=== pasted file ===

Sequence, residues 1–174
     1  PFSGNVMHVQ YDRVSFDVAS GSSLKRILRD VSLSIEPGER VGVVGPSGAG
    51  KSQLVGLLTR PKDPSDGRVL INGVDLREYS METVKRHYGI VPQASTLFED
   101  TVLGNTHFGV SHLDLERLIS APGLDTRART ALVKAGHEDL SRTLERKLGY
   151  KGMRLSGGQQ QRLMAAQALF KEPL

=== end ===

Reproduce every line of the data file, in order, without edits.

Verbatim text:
Sequence, residues 1–174
     1  PFSGNVMHVQ YDRVSFDVAS GSSLKRILRD VSLSIEPGER VGVVGPSGAG
    51  KSQLVGLLTR PKDPSDGRVL INGVDLREYS METVKRHYGI VPQASTLFED
   101  TVLGNTHFGV SHLDLERLIS APGLDTRART ALVKAGHEDL SRTLERKLGY
   151  KGMRLSGGQQ QRLMAAQALF KEPL